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Dr. Ross Sozzani, Director of Plant Improvement at NC PSI, on the multidisciplinary techniques contributing to knowledge and understanding of engineering agronomically enhanced plants for food production.
Global food production is an enormously complex enterprise crossing every conceivable barrier from geographical borders to scientific disciplines. Challenges to production that threaten our ability to feed the world’s growing population are multifactorial and will require the integration of many fields of knowledge and skill sets to discover sustainable solutions. It requires the synthesis of discipline-specific theories, protocols, and tools to create new models and a common language to address complicated research questions. A systems understanding of development and adaptation at the level of cells, tissues, organisms, and ecosystem together with the development of predictive models is needed to achieve translational research. This discussion will be focused on: 1- the use of techniques derived from biological, mathematical, and engineering science to unravel molecular mechanisms that regulate the growth and development of multicellular organisms; and 2- how the fundamental understanding of biological systems and relationships at a multi-scale level is central to translate this knowledge to engineering plants with enhanced agronomic function.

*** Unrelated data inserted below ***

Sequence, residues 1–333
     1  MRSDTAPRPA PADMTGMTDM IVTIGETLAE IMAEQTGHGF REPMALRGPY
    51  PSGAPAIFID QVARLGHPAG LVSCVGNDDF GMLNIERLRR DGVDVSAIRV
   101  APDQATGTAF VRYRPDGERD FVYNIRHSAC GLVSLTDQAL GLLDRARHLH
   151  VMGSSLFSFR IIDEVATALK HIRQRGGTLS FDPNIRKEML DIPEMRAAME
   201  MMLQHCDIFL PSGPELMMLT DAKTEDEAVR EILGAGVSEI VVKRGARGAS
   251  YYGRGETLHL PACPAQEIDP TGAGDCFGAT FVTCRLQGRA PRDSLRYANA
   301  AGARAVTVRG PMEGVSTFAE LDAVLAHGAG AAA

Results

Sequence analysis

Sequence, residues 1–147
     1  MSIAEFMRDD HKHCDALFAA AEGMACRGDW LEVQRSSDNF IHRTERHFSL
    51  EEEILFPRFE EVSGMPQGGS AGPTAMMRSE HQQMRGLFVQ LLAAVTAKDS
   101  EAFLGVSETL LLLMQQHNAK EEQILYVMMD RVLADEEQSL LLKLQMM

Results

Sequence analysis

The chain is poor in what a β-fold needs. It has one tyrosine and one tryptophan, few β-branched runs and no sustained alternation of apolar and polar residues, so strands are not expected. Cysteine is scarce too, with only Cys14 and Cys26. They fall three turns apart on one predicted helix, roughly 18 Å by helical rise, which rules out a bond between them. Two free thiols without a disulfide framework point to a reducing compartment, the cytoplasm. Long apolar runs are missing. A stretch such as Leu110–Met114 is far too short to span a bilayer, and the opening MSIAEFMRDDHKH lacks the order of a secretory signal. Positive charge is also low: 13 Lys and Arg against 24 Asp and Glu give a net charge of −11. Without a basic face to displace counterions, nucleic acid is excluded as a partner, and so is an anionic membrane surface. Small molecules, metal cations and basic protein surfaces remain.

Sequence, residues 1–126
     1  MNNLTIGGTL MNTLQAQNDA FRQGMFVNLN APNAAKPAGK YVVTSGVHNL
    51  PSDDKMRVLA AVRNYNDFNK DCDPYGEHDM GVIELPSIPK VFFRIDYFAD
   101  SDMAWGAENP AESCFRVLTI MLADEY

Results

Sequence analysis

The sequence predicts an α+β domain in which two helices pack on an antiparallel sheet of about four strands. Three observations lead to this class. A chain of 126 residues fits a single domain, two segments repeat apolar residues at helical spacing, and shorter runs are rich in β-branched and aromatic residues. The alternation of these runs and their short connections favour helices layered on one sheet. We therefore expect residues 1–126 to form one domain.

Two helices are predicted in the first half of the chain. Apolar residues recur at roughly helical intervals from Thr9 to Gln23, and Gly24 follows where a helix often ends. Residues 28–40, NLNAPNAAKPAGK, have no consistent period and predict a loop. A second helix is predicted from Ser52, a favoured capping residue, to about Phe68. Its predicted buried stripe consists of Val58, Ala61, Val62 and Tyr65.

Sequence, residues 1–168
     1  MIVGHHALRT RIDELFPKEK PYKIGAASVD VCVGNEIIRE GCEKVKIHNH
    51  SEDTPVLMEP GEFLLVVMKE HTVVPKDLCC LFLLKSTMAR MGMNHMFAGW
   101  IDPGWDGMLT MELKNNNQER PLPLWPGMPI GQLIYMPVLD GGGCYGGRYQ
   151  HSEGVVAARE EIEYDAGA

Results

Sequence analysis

Dr. Ross Sozzani joined NC State in 2013 as a Chancellor’s Faculty Excellence Program cluster hire in Synthetic and Systems Biology. An associate professor in the Department of Plant and Microbial Biology, Sozzani researches the molecular mechanisms that regulate stem cell fate specification and maintenance within the Arabidopsis root, and translates this knowledge to engineering plants with enhanced agronomic function using the tools of synthetic biology. Her goal is to gain a coherent qualitative and quantitative understanding of stem cell maintenance at the system level. In addition to revealing the molecular pathways that stem cells employ, this research will help to better understand why stem cells, in both plants and animals, give rise to specialized cells at all.
GES Colloquium is jointly taught by Drs. Dawn Rodriguez-Ward and Jen Baltzegar, who you may contact with any class-specific questions. As conditions allow, colloquium will be held in-person in Poe 202, as well as live-streamed via Zoom. Please subscribe to the GES newsletter for updates (links above).